Revolutionary Strategy: Uniting All Who Can Be United
It is crucial to understand--and to continue to deepen our understanding of--how overall the changes in technology, in the economy and the "social-class configuration" are creating more favorable objective conditions, strategically, for our work and for the prospects of proletarian revolution right within the "belly of the beast" as well as internationally.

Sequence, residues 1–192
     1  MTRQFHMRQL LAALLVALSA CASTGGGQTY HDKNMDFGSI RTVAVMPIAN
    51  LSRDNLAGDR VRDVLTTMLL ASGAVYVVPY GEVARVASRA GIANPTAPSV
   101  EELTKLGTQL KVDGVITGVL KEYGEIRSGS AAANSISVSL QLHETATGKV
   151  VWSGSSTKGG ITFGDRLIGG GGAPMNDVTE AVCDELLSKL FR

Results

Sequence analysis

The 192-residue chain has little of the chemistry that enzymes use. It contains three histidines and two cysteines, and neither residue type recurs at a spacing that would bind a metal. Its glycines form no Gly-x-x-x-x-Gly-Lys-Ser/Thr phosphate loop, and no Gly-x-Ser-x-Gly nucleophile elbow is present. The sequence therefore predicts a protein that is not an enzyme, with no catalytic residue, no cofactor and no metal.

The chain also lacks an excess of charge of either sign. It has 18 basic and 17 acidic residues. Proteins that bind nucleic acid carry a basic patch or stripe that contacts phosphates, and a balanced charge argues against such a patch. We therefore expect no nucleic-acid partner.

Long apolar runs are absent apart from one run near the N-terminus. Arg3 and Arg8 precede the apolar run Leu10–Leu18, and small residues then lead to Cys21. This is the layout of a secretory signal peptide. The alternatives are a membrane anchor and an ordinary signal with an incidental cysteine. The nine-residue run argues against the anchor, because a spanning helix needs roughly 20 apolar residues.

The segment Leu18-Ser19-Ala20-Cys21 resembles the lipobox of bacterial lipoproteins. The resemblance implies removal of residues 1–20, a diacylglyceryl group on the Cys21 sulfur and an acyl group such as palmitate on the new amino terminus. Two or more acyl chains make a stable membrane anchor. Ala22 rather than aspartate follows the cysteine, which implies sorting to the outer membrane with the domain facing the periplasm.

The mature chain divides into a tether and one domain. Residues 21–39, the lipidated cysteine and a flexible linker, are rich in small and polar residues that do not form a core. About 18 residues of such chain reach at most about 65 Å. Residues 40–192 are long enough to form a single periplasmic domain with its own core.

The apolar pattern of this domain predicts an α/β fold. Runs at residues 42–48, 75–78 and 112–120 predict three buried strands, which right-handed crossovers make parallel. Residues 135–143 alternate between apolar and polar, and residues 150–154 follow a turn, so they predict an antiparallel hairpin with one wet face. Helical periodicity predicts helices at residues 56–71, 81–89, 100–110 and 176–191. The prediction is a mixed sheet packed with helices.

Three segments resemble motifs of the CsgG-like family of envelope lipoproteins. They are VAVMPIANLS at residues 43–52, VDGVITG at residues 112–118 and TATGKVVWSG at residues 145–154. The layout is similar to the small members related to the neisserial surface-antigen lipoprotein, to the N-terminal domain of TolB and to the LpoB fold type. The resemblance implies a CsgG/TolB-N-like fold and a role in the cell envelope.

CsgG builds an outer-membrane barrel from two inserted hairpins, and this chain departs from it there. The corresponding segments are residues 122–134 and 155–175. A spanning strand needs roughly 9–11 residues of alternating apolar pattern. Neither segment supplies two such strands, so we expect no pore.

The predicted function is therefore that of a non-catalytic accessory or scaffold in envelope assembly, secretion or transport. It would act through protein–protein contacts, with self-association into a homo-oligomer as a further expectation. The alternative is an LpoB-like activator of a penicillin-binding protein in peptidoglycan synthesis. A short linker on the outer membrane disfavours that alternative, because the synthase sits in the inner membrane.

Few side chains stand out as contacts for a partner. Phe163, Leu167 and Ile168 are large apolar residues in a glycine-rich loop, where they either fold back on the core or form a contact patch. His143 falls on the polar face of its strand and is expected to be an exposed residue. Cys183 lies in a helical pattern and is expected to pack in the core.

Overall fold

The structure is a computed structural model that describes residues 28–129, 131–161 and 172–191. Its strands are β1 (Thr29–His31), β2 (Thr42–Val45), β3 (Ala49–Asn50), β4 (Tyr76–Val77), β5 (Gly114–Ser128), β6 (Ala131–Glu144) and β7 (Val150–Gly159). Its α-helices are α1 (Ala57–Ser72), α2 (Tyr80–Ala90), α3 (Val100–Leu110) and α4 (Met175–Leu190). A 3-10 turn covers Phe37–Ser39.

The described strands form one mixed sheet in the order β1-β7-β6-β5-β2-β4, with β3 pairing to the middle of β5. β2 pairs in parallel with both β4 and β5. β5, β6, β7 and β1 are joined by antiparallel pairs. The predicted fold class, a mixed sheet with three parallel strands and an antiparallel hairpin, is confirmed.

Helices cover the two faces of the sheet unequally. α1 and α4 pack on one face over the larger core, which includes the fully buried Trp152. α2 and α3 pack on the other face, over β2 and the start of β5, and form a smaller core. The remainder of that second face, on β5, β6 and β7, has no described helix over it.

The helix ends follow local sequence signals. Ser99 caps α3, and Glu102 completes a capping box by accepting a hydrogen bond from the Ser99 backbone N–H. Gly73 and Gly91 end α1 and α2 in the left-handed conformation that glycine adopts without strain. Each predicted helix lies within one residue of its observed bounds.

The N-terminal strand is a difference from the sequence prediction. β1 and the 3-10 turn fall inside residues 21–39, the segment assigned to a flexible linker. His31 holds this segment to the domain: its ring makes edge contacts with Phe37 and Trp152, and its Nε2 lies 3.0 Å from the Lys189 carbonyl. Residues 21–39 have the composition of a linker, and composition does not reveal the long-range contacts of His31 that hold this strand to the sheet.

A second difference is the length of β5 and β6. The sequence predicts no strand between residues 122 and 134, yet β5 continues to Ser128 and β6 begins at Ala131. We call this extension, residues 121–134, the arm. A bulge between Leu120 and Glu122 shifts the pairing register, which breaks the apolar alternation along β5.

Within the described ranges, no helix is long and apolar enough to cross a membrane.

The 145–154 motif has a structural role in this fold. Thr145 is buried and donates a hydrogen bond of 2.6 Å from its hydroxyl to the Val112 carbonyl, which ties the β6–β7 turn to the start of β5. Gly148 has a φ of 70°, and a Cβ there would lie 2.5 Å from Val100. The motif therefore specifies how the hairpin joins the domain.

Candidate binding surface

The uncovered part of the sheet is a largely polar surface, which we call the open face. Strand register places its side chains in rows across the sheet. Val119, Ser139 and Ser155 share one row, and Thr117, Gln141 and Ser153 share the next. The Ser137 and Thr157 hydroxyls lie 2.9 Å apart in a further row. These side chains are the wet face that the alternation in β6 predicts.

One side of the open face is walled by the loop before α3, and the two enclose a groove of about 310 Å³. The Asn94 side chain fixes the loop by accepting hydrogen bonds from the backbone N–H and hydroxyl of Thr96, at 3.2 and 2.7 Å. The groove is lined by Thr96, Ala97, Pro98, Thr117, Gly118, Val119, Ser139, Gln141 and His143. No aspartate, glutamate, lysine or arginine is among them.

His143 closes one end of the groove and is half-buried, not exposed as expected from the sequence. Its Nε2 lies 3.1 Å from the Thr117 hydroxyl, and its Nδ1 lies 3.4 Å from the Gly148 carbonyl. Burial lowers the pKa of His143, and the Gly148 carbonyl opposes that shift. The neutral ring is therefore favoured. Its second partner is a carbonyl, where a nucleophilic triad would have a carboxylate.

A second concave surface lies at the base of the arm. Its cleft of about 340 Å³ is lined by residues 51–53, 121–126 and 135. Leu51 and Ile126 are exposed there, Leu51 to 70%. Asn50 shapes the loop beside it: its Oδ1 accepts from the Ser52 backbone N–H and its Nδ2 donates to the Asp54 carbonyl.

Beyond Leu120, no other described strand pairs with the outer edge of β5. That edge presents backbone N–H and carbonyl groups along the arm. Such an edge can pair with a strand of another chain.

In the series of "Communications" that were published in the RW a couple of years ago, one of the main articles was on the question of how to look at the enemy's strength and how to deal with it. This "Communication"* basically identified two main strengths that the ruling class in the U.S. has. One, its military power--what we refer to, in shorthand, as "all that." And the other strength is "the great middle class of America," which acts as a "stabilizing" force for the system and a conservatizing force. It was said in that "Communication" that this "great middle class" sort of sits on the head of the masses in a certain sense, while it was also stressed that we shouldn't view this so-called "great middle class" as monolithic--as one uniform undifferentiated block--it consists of many different strata, and we have to learn how to work among and apply our strategy among these various strata. But one of the things that the current economic-social transformations going on are bringing about, which is strategically more favorable, is that a lot of the basis for this great middle class to act as this kind of weight on the masses and buffer for the bourgeoisie IS being undermined.